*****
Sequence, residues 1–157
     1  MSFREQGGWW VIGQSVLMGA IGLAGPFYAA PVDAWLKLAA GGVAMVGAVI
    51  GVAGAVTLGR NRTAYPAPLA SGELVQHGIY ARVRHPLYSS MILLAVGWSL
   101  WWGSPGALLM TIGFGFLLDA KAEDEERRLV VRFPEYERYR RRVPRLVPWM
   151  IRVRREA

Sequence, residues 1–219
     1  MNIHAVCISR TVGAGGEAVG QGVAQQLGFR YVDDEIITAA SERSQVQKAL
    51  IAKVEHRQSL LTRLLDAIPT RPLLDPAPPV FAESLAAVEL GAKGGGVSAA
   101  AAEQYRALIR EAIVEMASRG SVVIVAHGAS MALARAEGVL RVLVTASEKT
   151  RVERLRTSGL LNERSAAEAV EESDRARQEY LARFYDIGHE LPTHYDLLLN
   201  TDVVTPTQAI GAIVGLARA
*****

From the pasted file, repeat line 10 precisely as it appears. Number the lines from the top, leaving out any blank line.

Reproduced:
   151  RVERLRTSGL LNERSAAEAV EESDRARQEY LARFYDIGHE LPTHYDLLLN